Updated as per "Systematics of moths in the genus Catocala (Lepidoptera, Erebidae) IV.
Nomenclatorial stabilization of the Nearctic fauna, with a revised synonymic check list";
ZooKeys 39: 37–83 (2010) by Lawrence F. Gall, David C. Hawks; March 20, 2010
This site has been created by
Bill Oehlke at firstname.lastname@example.org
Comments, suggestions and/or additional information are welcomed by Bill.
Catocala faustina allusa flies in the Pacific Maritime Ecozone of British Columbia and southward into Washington and northern California (near Hallejuh Junction, Lassen County). It also flies in Oregon (Clackamas County) and possibly western Nevada (near Reno).
Moths previously designated as allusa are now (2010) classified as Catocala faustina allusa.
This specimen, courtesy of Jeremy Tatum and Dr. John Snyder, shows typical resting pose. According to Jeremy, the moth was "immediately active as soon as it had emerged from the pupa, and it would not allow me to photograph the hindwings, which are quite similar to those of aholibah."
White interior outline of terminal line is typical of this species and two jagged upper "teeth" of postmedial line are typical of most poplar feeders.
There is also a dark bar a few mm up from inner margin of the forewing.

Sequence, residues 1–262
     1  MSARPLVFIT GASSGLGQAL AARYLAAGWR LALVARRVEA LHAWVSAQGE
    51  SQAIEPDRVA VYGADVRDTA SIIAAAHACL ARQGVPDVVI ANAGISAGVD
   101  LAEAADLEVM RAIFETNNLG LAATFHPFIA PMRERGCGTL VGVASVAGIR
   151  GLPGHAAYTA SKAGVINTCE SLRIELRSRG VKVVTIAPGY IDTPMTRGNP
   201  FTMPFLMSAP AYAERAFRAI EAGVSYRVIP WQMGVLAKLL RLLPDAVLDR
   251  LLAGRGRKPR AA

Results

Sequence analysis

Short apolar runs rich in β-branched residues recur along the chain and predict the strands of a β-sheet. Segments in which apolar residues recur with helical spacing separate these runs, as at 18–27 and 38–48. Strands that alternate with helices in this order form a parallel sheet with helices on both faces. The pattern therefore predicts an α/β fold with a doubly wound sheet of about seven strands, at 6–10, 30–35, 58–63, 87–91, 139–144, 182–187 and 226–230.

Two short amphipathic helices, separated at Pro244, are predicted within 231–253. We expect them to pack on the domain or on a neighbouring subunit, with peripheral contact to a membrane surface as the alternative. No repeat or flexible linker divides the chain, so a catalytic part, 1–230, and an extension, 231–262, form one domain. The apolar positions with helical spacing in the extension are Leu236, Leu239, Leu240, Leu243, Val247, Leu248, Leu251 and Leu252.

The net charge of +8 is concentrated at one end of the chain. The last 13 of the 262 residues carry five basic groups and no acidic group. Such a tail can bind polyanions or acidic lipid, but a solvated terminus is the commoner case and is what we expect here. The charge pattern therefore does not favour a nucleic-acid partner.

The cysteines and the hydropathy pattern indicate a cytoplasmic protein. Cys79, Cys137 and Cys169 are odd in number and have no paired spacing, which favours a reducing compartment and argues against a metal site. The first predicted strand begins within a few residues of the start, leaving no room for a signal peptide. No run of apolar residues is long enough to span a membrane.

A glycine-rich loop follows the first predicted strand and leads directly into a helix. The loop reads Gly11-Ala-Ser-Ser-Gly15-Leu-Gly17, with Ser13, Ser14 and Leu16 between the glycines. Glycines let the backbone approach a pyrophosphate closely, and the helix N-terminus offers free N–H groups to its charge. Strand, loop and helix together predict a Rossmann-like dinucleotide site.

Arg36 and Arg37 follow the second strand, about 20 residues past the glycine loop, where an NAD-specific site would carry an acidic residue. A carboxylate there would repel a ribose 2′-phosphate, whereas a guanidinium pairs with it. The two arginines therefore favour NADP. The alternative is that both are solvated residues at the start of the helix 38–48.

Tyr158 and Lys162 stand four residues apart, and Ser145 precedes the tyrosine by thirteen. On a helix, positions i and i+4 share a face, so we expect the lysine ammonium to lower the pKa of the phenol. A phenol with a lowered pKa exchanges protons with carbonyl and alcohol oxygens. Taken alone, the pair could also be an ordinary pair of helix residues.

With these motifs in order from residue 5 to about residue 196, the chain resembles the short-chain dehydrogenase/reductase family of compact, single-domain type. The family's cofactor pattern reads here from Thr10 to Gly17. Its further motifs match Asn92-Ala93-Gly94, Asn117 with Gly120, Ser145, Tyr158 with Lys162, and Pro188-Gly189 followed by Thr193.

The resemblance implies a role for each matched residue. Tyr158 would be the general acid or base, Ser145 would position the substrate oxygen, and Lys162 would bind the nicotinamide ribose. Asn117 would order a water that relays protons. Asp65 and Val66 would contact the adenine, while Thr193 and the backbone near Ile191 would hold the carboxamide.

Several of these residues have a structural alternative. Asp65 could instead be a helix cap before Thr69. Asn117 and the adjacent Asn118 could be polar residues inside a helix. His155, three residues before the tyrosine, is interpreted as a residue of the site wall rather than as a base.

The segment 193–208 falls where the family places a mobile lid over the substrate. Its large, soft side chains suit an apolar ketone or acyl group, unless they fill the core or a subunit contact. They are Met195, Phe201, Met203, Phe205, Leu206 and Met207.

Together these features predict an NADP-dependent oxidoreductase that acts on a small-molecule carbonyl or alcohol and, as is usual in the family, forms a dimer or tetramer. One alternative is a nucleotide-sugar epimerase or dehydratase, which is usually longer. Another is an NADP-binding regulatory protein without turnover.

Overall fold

The inner black band of the hindwing is relatively thick and terminates well before the inner margin.
Specimens from the coastal areas of northern California, Oregon,
Washington and British Columbia are classified as C. faustina allusa.
C. faustina allusa blends with C. faustina cleopatra
in northwestern California, and with C. faustina faustina in the Rocky Mountains of
Idaho, Wyoming and Montana.
C. faustina allusa blends with C. faustina cleopatra in northwestern California, and with C. faustina faustina in the Rocky Mountains of Idaho, Wyoming and Montana.
The moth described as Catocala frenchii Poling, 1901, is a synonym of Catocala faustina allusa.
Catocala faustina allusa All Leps Barcode of Life.
Catocala allusa, Oregon, All Leps Barcode of Life.
EGGS, CATERPILLARS, COCOONS, AND PUPAE:
Eggs are deposited on tree bark in the fall and hatch the following spring.
First instar larvae are very tiny. As larvae mature they become night feeders, often leaving the host plant during the day to hide amongst the undergrowth.
Catocala allusa larva on willow courtesy of Jeremy Tatum and Dr. John Snyder.
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